The European Commission has adopted a report describing the experience of Member States in applying the Animal By-Products (ABP) Regulation and outlining ideas for future amendments to the legislation.

The ABP regulation, applicable since 1 May 2003, was adopted in response to various food-borne crises. It lays down health rules for the handling, processing, use and disposal of animal by-products unfit for human consumption.

On the basis of information supplied by Member States and inspection reports from the Food and Veterinary Office (FVO), the ABP report finds that Member States’ compliance with the EU rules has been generally satisfactory. However, it notes that changes may need to be made to some aspects of the regulation in order to clarify its scope, make measures more proportionate to the risks, and remove unnecessary obstacles to the competitiveness of industry.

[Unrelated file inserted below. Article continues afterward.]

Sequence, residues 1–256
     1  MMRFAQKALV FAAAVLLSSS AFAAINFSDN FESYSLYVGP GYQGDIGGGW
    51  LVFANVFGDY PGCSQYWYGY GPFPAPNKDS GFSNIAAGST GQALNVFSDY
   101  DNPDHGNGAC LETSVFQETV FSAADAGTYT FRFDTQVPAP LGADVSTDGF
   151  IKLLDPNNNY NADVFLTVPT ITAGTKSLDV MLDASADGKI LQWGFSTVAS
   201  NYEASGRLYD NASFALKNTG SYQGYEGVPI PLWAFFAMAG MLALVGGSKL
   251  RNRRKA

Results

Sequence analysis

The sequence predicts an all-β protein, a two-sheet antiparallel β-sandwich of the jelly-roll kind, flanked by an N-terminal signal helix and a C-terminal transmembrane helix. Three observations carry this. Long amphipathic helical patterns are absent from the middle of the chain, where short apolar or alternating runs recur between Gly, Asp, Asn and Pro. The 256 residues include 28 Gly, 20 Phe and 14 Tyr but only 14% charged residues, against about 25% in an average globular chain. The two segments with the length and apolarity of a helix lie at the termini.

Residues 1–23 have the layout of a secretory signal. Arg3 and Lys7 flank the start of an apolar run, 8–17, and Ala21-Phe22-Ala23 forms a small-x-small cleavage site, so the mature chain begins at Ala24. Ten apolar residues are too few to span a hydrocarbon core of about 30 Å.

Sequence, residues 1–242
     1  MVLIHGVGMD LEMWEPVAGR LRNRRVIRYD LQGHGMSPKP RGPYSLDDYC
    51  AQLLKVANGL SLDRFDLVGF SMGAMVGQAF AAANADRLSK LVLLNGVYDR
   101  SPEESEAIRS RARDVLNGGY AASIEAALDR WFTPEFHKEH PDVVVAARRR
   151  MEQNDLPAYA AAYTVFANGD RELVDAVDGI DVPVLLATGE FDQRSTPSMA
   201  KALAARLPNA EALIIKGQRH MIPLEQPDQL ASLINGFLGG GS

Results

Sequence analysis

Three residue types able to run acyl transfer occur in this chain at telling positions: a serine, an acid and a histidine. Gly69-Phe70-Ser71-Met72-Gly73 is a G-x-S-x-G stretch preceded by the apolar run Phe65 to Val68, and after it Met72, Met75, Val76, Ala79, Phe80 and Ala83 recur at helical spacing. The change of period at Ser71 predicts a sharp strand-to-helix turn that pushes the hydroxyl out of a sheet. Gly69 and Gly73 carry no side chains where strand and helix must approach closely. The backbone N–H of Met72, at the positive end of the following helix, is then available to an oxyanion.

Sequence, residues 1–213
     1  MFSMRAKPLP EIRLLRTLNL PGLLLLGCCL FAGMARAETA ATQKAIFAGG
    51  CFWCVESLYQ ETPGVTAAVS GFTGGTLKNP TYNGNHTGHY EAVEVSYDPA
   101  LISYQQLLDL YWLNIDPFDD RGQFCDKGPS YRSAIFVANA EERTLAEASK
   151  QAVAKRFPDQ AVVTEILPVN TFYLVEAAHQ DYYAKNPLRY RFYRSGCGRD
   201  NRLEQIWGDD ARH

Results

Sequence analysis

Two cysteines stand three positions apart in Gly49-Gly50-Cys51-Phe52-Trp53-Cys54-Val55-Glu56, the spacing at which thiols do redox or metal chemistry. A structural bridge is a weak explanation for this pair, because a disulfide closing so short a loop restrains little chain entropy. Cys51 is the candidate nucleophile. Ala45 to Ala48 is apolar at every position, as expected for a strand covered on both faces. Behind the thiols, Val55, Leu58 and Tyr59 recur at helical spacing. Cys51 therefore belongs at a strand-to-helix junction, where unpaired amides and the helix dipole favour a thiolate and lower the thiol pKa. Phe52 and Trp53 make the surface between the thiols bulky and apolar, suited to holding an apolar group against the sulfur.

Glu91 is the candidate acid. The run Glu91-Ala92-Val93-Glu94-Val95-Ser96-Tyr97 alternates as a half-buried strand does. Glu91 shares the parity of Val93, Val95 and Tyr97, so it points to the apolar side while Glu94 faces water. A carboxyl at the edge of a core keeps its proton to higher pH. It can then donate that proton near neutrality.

The ABP report aims to serve as a basis for a wide debate with Member States and stakeholders on a number of topics related to EU animal by-products rules, and will be used as a reflection paper on medium and long-term changes to the legislation.

European Health and Consumer Protection Commissioner Markos Kyprianou briefly presented the report to the Agriculture Council this week, and the Commission will develop proposals for amendments to the ABP Regulation, to be agreed by Council and Parliament by the end of 2006/early 2007.